to pass through us or slide off of us without grabbing on to any tag that comes
up. It is actually we who are being
purified, of the influence of memories on our consciousness, and not the
Ordinary awareness is fairly choked with
associations, which tend to drag it into the past and make it fuzzy. As we
stand firm in not linking with them as they appear, it is like a clarifying
process where a pollutant precipitates out of a beaker of water. Afterwards we
are able to perceive whatever object is presented to us more clearly, more as
it actually is. Holding onto our associations is like stirring the beaker again
and again, so that clarity is never possible. This is reminiscent of Bishop
Berkeley’s famous assertion that philosophers kick up dust and then complain
they cannot see.
Remaining detached from memories is a
meditation experienced by everyone at some time. Do you recall as a child when
you would “zone out” and stare uncomprehendingly at something, lost in reverie,
with no descriptive commentary taking place? Though usually called daydreaming,
it is a kind of samadhi. Then when your young brain had completed the complicated
process of conscious registration, suddenly you realized you were looking at a
flower or an anthill or whatever, as though the flower had simply appeared out
of nowhere. Somehow, identifying it consciously made it spring into existence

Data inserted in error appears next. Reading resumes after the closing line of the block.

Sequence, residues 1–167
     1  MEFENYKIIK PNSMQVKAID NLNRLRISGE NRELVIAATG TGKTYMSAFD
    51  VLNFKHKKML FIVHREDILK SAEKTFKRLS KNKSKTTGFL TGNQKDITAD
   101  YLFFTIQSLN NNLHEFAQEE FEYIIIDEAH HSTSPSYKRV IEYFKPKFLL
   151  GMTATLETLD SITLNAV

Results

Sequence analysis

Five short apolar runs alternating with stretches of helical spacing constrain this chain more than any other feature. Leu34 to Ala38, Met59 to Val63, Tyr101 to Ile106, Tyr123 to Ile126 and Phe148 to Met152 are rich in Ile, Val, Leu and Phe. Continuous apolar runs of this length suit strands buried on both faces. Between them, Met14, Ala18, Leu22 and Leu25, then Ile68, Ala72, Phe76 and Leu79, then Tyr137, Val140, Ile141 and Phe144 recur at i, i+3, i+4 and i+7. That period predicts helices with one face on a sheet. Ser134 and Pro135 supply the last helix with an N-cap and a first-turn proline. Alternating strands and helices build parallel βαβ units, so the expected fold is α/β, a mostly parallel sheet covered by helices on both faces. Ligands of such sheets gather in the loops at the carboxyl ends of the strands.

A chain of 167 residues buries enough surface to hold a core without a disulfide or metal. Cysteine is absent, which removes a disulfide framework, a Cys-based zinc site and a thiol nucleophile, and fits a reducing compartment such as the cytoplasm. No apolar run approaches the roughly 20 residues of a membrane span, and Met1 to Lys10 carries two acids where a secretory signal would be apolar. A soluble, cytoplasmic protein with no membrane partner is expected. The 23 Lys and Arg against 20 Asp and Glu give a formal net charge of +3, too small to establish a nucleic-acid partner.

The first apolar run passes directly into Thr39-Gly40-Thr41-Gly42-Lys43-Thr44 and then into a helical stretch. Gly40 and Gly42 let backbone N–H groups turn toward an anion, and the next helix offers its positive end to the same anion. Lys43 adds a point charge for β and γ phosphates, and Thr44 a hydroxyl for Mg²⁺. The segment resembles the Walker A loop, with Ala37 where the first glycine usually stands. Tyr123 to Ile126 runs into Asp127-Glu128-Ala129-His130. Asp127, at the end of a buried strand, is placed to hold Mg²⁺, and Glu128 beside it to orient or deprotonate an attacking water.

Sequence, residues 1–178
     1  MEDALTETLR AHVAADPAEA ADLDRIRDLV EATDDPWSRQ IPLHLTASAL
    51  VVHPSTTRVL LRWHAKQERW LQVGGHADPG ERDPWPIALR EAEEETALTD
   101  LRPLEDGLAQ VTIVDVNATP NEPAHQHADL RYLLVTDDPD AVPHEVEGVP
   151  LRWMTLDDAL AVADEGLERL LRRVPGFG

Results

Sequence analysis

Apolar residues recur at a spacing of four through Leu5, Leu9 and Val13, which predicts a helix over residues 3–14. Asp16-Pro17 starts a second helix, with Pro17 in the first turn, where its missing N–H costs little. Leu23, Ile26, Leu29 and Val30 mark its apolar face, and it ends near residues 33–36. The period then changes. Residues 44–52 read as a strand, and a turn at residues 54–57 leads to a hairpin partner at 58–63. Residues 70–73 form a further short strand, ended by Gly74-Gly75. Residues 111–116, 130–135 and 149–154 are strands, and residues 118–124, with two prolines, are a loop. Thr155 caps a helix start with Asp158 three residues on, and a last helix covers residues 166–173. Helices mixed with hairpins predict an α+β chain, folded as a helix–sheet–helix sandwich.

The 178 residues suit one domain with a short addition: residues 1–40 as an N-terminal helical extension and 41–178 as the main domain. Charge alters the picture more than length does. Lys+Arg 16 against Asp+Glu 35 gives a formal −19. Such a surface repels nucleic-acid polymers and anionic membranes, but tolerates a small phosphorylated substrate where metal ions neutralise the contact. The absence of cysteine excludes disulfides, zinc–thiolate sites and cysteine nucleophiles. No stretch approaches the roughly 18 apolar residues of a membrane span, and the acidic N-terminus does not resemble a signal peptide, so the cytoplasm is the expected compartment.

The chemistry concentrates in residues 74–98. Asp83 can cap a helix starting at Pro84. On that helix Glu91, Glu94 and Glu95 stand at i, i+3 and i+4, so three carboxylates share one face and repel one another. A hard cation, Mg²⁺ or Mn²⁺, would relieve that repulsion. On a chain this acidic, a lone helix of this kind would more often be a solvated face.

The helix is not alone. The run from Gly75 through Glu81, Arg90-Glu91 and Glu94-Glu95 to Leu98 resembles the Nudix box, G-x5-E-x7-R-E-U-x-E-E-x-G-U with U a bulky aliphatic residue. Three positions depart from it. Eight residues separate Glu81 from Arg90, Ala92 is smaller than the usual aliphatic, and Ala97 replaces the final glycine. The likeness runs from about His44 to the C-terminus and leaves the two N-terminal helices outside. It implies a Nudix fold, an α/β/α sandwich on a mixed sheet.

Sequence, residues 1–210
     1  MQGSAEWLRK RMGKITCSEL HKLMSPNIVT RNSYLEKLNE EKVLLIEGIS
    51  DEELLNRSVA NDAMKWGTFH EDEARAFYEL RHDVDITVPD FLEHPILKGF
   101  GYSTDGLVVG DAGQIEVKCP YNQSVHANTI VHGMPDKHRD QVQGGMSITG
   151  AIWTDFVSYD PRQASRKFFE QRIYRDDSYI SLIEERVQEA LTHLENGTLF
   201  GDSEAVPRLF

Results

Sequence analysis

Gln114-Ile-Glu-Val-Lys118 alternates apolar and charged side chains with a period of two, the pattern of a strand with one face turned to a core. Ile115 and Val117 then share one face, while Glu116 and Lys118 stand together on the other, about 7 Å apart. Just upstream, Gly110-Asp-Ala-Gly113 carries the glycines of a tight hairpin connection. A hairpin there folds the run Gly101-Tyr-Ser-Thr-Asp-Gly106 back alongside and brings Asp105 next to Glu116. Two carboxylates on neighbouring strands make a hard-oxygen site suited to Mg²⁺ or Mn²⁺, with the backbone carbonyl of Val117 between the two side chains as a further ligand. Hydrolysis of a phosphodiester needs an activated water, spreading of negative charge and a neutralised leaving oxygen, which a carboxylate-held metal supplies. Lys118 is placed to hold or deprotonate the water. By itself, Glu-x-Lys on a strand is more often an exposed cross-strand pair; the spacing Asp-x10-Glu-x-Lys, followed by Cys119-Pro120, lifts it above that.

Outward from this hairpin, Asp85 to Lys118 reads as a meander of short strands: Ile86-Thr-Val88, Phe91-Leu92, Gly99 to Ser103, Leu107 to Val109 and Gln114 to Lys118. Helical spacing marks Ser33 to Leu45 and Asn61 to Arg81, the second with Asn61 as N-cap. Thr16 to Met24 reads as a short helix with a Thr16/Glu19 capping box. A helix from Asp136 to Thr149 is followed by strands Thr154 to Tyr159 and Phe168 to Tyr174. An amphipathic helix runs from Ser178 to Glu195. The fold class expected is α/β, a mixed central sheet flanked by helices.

in a sense. The present meditation reverses this process. We are
un-associating, easing back into that state before memories clogged our minds
with so much knowledge. As we have often noted, while memories are useful and
even essential, they can take the thrill out of life by dulling the sharp edge
of experience, converting it from “brand spanking new” to “old hat.” We are not
abandoning memories completely, but only learning the skill of disconnecting
the automatic associative process, which Patanjali assures us allows our
consciousness to be unobstructed so the object alone is illuminated. In other
words, the object is what it is, not what we want it to be.
describes this process in some detail:
The yogi adopts the
discipline of letting go of all irrelevant aspects such as any personal
relationship with that idea and with things that are unrelated to the
particular gestalt taken for contemplation…. One by one, distractions are
dropped. The external object and the internal contemplation become identified
into a single entity. Then consciousness is filled with what is presented